JACKSONVILLE, Fla, –
While the Jacksonville Jaguars lost their Oct. 21 home game against the Houston Texans, 20-7, the game at least started off with a thunderous roar from a Charleston C-17 Globemaster III flown a mere 1,500 feet above by the 701st Airlift Squadron aka the “Turtles.”
There’s more to a flyover of a sporting event than the 5-10 seconds of excitement as seen from the ground, though– it takes a lot of coordination from some very skilled professionals like the Citizen Airmen of the 315th Airlift Wing at Joint Base Charleston. On this flight there were three pilots and four loadmasters in the jet during the flyover, and two on the ground at the stadium to coordinate timing.
“I was very fortunate to have such a great team to work with for this flight,” said Capt. Dennis Conner, the aircraft commander and 701st Airlift Squadron pilot. “I really wouldn’t have been as successful without their teamwork.”
On the flight deck, Conner was joined by his copilot, 1st Lt. Trey Jones, and Instructor Pilot, Lt. Col. Susan Gordon. While Conner and Jones controlled the jet for the flyover, Gordon kept in radio contact with the flight’s ground coordination team to ensure precise timing to enable the C-17 to pass overhead as the National Anthem was completed.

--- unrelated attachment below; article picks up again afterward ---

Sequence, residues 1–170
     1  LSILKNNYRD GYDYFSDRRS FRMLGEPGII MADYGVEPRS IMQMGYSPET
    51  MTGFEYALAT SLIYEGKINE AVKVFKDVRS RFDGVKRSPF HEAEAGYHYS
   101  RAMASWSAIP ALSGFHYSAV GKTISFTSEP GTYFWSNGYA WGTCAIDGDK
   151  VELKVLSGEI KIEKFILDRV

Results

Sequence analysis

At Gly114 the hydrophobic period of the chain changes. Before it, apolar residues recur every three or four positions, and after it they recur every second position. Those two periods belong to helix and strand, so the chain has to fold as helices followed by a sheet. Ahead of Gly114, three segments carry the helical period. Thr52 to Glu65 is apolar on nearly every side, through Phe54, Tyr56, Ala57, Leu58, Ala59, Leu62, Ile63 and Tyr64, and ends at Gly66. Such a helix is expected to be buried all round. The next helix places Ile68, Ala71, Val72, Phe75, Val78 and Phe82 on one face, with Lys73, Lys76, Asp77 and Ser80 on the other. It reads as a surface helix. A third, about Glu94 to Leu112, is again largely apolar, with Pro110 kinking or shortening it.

315th Airlift Wing Commander, Col. Gregory Gilmour and 315th Operation Support Squadron Current Ops Chief, Lt. Col. John Russi were the wing’s ground coordinators working with the Jaguars team coordinator Chris Kerford.
When asked why the Jaguars asked for the flyover he said, “The Jaguars consider it a privilege to support those who defend our country and their families.”
“Northeast Florida is home to 150,000 veterans and 50,000 activity duty military and Department of Defense civilian personnel, many of whom are avid Jaguars fans,” he added. “This flyover went perfect and was very well received by the teams and the fans.”
While the public view of the flyover was impressive, flyovers like this are actually an excellent training opportunity for the aircrews according to Gilmour.
“It all comes down to timing; being in a specified place at a specified time,” Conner said. “Just like real world flight operations, especially in places like Southwest Asia, there are troops on the ground depending on us to make our deliveries within critical and very tight time windows.”
“In the situation of this flyover, that tight window was after the fireworks launched and as the Anthem was ending, and Dennis & Trey nailed it,” said Gordon, who has a few stadium flyovers under her belt.
“While we were in our holding pattern about 15 miles out from the stadium, we marked the time and adjusted speed to compensate,” Jones added. “We arrived in Jacksonville a little early from Charleston, so we had plenty of time to plan and adjust our flyover while in the holding pattern.”